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Visualisation, Page 2

Leon Wieseltier writing about DH is like Maureen Dowd writing about hash brownies

What’s most striking about Leon Wieseltier’s essay in the New York Times Book review is how it confirms almost every cliché about the humanities as technophobic, insular, and reactionary. Not to mention some stereotypes about grouchy old men. Now I should confess at the outset to being a longtime Wieseltier cynic. His misreadings of popular culture always seemed mildly ridiculous. But what’s striking about the NYT piece is his vast ignorance of the subject.

Leon Wieseltier writing about DH is like Maureen Dowd writing about hash brownies

What’s most striking about Leon Wieseltier’s essay in the New York Times Book review is how it confirms almost every cliché about the humanities as technophobic, insular, and reactionary. Not to mention some stereotypes about grouchy old men. Now I should confess at the outset to being a longtime Wieseltier cynic. His misreadings of popular culture always seemed mildly ridiculous. But what’s striking about the NYT piece is his vast ignorance of the subject.

Baseball, Football, Moneyball

In fall 2014 I taught a freshman seminar on data visualization entitled “Charts, Maps, and Graphs.” Over the course of the semester I worked with the students to create vizs that passed Tukey’s “intra-ocular trauma” test: the results should hit you between the eyes. Over the coming months I’ll be blogging based on their final projects. Today’s post is based on the work of Jeffrey You, who used US professional sports data, comparing baseball and football.

Baseball, Football, Moneyball

In fall 2014 I taught a freshman seminar on data visualization entitled “Charts, Maps, and Graphs.” Over the course of the semester I worked with the students to create vizs that passed Tukey’s “intra-ocular trauma” test: the results should hit you between the eyes. Over the coming months I’ll be blogging based on their final projects. Today’s post is based on the work of Jeffrey You, who used US professional sports data, comparing baseball and football.

The Dawn Wall, New York Times Interactive

xRez recently had opportunity to contribute to the NY Times on a webGL interactive visualization of Tommy Caldwell and Kevin Jorgeson’s free climbing ascent of the “Dawn Wall”. The Dawn Wall on Yosemite National Park’s El Capitan is considered the most difficult rock climb in the world. The new NY Times interactive can be explored in full screen.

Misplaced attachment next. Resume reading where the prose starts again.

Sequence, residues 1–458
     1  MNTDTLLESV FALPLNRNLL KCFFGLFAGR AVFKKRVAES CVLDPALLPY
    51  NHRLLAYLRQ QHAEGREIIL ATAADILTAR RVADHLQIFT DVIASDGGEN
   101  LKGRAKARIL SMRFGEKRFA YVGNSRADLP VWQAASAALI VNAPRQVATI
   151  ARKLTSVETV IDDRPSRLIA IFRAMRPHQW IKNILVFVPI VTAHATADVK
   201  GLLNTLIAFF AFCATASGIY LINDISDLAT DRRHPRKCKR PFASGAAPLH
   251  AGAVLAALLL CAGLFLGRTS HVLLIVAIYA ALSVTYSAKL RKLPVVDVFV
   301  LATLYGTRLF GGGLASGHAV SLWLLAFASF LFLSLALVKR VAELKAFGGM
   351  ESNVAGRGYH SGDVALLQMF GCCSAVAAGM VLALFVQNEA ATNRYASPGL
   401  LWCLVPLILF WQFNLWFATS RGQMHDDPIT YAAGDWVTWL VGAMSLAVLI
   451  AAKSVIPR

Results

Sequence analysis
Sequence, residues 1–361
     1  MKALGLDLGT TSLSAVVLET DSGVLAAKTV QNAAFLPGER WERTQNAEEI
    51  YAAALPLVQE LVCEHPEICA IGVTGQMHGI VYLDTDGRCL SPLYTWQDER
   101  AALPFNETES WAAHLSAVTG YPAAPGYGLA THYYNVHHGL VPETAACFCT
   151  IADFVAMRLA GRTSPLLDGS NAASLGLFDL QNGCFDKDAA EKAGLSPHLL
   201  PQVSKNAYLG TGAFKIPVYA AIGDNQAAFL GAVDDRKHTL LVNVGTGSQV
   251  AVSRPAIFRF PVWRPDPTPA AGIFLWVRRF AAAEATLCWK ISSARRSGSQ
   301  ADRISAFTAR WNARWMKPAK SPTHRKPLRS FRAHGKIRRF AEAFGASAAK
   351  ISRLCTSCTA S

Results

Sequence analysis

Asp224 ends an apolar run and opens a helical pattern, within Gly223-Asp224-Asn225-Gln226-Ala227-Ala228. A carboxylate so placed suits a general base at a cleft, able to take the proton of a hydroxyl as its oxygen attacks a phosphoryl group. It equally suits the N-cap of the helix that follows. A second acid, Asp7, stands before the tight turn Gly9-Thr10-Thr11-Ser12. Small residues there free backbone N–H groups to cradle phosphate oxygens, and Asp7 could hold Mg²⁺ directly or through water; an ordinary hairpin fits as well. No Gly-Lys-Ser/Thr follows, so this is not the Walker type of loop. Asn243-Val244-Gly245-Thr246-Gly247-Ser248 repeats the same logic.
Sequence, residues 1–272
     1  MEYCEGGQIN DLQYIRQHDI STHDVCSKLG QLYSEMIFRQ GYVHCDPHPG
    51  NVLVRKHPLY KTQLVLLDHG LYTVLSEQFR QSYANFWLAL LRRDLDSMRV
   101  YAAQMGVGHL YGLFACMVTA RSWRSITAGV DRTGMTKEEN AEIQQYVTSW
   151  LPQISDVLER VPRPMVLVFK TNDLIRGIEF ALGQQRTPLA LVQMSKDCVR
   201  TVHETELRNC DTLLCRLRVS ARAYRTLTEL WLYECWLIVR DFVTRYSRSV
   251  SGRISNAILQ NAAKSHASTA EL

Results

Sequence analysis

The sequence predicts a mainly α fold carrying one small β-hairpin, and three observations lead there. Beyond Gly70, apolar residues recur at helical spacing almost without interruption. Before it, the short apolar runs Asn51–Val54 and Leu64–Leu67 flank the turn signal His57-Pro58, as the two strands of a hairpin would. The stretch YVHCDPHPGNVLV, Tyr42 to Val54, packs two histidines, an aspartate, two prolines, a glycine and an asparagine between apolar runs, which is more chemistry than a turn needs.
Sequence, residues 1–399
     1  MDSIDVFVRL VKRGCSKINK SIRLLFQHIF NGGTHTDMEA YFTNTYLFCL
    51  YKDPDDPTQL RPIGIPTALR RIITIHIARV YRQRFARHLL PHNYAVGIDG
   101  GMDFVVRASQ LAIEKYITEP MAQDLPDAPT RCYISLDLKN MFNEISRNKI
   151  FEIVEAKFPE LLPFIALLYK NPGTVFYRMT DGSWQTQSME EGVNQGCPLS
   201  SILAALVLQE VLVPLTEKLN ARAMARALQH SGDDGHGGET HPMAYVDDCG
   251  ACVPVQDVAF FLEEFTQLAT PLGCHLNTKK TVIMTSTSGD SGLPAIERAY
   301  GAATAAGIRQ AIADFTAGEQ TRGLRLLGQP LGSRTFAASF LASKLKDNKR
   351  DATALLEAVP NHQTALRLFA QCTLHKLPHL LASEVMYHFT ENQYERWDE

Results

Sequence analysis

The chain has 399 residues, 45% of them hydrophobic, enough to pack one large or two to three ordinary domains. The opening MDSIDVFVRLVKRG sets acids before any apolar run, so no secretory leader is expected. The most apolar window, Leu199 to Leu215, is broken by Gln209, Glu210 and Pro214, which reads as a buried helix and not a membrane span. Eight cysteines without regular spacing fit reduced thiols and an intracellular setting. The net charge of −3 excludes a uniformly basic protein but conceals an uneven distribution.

VR Development

  Virtual Reality or VR is undergoing a massive surge in interest and industry development currently, in large part due to development of cost-effective hardware due to the advance of cellphone technology and displays. With research originating at USC’s MXR Lab, then commercially expanding through Oculus Rift, Samsung Gear, and Google Cardboard, the times look promising indeed for VR to finally take hold culturally.

Iceland 2014 Shoot

  We were fortunate to spend time shooting with our old friend Olafur Haraldsson in his home turf in Iceland during the summer of 2014. We traveled to Iceland on assignment to provide digital terrain capture for an upcoming film for singer Bjork‘s upcoming MOMA retrospective in 2015, look for an production post here once the project is live. Bjork and crew were charming, and we captured remarkable content and performances for the production.

TIME 2014/ Pull of the Moon: Ai Weiwei, Bert Benally, & xRez Studio

  TIME 2014/ Pull of the Moon is an experimental immersive film based on the 2014 collaboration of renowned Chinese artist Ai Weiwei and Navajo artist Bert Benally’s ephemeral land art performance in rural New Mexico in June 2014. The film digitally recreates the remote performance site of Coyote Canyon by utilizing cutting edge CGI techniques of aerial drone mapping, photogrammetry, and gigapixel panoramic techniques.

The Monumental Collective

As many of you will know if you read the blog regularly, since the Digital Dwelling fieldwork I’ve continued to work on a number of collaborative projects and endeavors with Aaron Watson, Kieran Baxter and John Was. So I’m excited to share that in addition to my own projects I am now also working with Monumental, a creative heritage interpretation practice founded by Aaron Watson which also forms a front for our collaborative work.